On the day we were to leave the jungle, we awoke once again to a downpour. Our flight out was supposed to be at 8 a.m. The plan was that we would hike there for a hour. so we would need to leave by 7 a.m. Before we were to leave though, we got word that the planes would need to wait for the airstrip to dry before they would take off from Shell.
8 a.m. came and went, then 9 a.m., then 10 a.m…. and we had still not left camp. We packed and repacked getting ready for a quick departure at a moments notice… hoping that the planes would fly out that day. By 11 am we still were sitting on our packed bags. And it was still lightly raining.
At noon we got word: the planes are on their way! Instructions were that we would all board the same planes we arrived in. So we set out through the soggy jungle, where now there were new bogs and logs. One doesn’t rush a jungle hike.
Once at the mud airstrip–we arrive in time to see the small plane that I came in on leave with random people. There goes my plane, I thought. Now what?
I knew I was not on the next plane… but proximity seemed to matter in this rapid exit from the rainforest. We were all mindful that another rainstorm could mean some of us could be left behind for another night in the rainforest and I decided that I would like that to be with my bag… so I kept it in sight.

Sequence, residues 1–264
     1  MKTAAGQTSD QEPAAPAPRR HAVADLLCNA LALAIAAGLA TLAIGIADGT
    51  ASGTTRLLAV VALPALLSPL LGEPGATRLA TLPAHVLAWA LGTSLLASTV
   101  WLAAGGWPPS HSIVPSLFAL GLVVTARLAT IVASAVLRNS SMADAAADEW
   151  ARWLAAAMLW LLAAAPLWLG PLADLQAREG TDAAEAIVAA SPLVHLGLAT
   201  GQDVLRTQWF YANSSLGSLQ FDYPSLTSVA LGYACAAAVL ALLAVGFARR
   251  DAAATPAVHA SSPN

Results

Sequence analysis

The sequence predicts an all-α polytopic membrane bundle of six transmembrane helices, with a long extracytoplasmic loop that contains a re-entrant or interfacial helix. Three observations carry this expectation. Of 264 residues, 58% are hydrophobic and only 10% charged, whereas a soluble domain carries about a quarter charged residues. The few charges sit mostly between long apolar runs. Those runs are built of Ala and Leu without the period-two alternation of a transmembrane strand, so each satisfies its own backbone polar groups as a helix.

A small plane, which I surmised would be our plane, landed Our pilot and others physically haul this plane by its wings and tail–backing it up to make room for still another plane to land. This most recently landed plane left first.
Eventually, it was our turn. Our pilot was concerned at the state of the short runway and decided he can only take two of us, so Loretta and I loaded our bags and boarded the plane. It splashed through puddles on the dirt runway before lifting off, clearing the tallest trees at the end of the field. Shell here we come!
A few minutes later, to our surprise, we landed at a small dirt airstrip in another jungle community.
The pilot asked us to get out of the plane–assuring us that he will return for us in a half hour or so. I hoped so–he had our bags. We were the only members of our group there. I said to Loretta “I think we have been kicked off the island…”